§ Fundamental theorem of symmetric polynomials
- Every symmetric polynomial of variables can be written in terms of the elementary symmetric polynomials , , . Generalize appropriately.
§ Two variable case
- For even further simplicity, consider the two variable case: every symmetric polynomial of variables can be written in terms of the elementary symmetric polynomials , , .
- Consider some symmetric polynomial . Define an ordering on its monomials iff either , or , or . So we compare first by degree, then by lexicographically. Thus, call this order the lex order.
bigmon(p) to be the largest monomial in . Define
bigcoeff(p) to be the coefficient of
bigmon(p). Finally, define
bigterm(p) = bigmon(p) . bigcoeff(p) as the leading term of the polynomial .
- Prove an easy theorem that
bigterm(pq) = bigterm(p)bigterm(q).
- Now, suppose we have a leading monomial . Actually, this is incorrect! If we have a monomial , then we will also have a monomial , which is lex larger than . Thus, in any leading monomial, we will have the powers be in non-increasing (decreasing order).
- OK, we have leading monomial . We wish to write this in terms of elementary symmetric polynomials. We could try and write this by using the leading term in and leading term in .
- This means we need to solve , or and . This tells us that we should choose and . If we do this, then our combination of symmetric polynomials will kill the leading term of . Any new terms we introduce will be smaller than the leading term, which we can write as elementary symmetric polynomials by induction!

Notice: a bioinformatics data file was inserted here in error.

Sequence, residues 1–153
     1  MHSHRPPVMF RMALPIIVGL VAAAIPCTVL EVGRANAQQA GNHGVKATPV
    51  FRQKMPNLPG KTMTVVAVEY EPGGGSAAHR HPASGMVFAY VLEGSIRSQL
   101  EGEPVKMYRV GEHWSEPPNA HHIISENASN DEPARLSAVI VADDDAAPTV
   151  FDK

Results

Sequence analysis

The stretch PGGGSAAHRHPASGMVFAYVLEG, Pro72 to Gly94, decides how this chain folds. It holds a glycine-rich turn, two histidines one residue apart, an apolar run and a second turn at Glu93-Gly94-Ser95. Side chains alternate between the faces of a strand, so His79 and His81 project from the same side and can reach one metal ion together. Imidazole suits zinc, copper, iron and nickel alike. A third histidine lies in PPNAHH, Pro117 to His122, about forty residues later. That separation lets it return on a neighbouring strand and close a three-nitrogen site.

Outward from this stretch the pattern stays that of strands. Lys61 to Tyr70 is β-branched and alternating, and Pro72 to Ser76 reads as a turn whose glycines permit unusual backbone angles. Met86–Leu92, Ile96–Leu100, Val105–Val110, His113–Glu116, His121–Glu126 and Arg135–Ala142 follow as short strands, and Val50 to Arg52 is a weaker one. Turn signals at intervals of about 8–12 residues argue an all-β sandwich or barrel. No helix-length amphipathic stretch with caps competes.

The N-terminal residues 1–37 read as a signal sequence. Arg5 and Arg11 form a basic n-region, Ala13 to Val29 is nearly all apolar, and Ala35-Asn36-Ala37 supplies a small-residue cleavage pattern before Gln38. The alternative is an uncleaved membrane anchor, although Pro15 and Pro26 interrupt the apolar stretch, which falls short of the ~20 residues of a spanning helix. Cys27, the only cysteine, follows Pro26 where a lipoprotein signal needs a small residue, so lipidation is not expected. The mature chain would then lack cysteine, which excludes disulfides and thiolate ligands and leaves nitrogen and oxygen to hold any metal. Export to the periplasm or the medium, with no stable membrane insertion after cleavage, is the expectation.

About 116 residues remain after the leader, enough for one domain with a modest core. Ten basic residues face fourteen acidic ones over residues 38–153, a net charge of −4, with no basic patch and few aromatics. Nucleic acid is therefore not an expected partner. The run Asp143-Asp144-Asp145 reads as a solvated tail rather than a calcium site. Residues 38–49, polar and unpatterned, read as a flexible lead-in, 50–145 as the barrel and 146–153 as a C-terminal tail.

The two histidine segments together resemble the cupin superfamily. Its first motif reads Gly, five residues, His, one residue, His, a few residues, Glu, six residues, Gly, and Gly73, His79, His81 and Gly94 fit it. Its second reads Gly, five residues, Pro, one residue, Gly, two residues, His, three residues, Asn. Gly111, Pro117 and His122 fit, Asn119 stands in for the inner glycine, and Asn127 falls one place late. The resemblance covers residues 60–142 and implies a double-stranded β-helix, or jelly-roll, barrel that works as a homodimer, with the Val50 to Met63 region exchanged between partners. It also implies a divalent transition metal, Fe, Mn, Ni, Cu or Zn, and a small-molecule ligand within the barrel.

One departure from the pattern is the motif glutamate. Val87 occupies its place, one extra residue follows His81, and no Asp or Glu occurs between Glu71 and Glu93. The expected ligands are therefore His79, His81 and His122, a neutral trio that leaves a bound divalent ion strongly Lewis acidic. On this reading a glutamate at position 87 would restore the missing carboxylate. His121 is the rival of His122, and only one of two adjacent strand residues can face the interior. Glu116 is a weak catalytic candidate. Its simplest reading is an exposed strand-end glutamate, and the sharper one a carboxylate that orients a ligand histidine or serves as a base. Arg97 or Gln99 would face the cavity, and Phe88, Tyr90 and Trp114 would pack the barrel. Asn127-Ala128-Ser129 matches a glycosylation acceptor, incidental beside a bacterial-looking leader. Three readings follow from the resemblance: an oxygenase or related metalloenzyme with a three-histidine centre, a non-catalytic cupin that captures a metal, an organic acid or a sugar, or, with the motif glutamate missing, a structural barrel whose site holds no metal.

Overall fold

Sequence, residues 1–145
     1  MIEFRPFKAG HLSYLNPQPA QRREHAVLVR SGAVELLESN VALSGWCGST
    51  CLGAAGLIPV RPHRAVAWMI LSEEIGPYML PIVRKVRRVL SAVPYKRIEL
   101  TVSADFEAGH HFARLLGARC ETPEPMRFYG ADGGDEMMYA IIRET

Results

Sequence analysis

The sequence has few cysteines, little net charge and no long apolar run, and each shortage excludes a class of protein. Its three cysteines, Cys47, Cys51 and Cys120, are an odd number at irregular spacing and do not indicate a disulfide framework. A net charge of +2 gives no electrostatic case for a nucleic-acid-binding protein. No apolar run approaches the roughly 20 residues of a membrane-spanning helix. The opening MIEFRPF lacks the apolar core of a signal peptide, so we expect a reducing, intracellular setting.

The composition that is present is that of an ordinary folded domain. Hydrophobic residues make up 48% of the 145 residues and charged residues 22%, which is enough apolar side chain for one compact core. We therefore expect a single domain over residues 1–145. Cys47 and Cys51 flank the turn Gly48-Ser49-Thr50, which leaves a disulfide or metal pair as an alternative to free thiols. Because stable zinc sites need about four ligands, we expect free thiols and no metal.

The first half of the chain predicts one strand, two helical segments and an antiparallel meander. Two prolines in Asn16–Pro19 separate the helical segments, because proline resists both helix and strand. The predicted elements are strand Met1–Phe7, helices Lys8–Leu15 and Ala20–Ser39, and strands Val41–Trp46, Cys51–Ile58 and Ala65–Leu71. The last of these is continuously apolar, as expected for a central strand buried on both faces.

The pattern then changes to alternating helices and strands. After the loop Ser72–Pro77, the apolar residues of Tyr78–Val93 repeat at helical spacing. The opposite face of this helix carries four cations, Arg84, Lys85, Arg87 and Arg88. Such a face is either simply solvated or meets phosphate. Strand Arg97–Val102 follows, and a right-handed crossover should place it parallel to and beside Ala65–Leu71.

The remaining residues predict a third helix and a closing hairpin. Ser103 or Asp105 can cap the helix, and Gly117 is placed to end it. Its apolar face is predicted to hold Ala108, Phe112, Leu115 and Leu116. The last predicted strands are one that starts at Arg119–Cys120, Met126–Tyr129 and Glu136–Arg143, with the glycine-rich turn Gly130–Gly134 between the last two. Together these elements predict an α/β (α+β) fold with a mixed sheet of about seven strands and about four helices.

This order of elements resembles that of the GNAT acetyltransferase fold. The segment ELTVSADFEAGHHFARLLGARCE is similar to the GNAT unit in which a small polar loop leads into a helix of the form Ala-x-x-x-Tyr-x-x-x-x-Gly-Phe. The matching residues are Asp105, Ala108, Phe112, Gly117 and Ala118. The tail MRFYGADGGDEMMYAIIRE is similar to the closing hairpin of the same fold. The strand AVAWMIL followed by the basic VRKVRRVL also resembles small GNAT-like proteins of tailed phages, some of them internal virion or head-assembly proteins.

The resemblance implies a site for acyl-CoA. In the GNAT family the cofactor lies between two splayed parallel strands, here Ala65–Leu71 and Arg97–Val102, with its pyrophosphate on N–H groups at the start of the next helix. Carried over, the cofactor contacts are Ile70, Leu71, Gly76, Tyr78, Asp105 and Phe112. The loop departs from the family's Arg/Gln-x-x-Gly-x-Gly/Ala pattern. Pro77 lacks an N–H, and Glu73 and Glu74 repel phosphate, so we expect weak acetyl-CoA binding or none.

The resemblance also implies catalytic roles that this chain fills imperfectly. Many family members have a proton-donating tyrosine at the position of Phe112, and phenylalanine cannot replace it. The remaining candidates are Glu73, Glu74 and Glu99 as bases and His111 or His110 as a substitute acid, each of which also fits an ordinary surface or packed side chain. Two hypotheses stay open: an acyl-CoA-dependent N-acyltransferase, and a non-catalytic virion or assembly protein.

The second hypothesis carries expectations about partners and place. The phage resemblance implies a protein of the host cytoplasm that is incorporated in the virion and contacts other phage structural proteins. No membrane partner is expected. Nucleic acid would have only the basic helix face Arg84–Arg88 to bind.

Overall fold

§ Three variable case
- Now consider three variables. Once again, suppose has leading monomial . We saw earlier that we must have for it to be a leading monomial.
- Let's write it in terms of . So we want to write it as product of , , and . Their product is .
- This gives us the system of equations . This means (1) , (2) or , and (3) or .
§ General situation
- think of the monomial as a vector . Then the leading terms of the symmetric polynomials correspond to , , and ].
- When we take powers of symmetric polynomials, we scale their exponent vector by that power. So for example, the leading term of is which is .
- When we multiply symmetric polynomials, we add their exponent vectors. For example, the leading term of is . This is equal to
- Thus, we wish to write the vector as a linear combination of vectors , , and . This is solving the equation:
[a] [1 1 1][p]
[b] = [0 1 1][q]
[c] [0 0 1][r]
- subject to the conditions that the unknowns , given knowns such that .
- Let's check that the equation makes sense: as all of , and have a at the position. Similarly for .
- Solve by the usual back-substitution.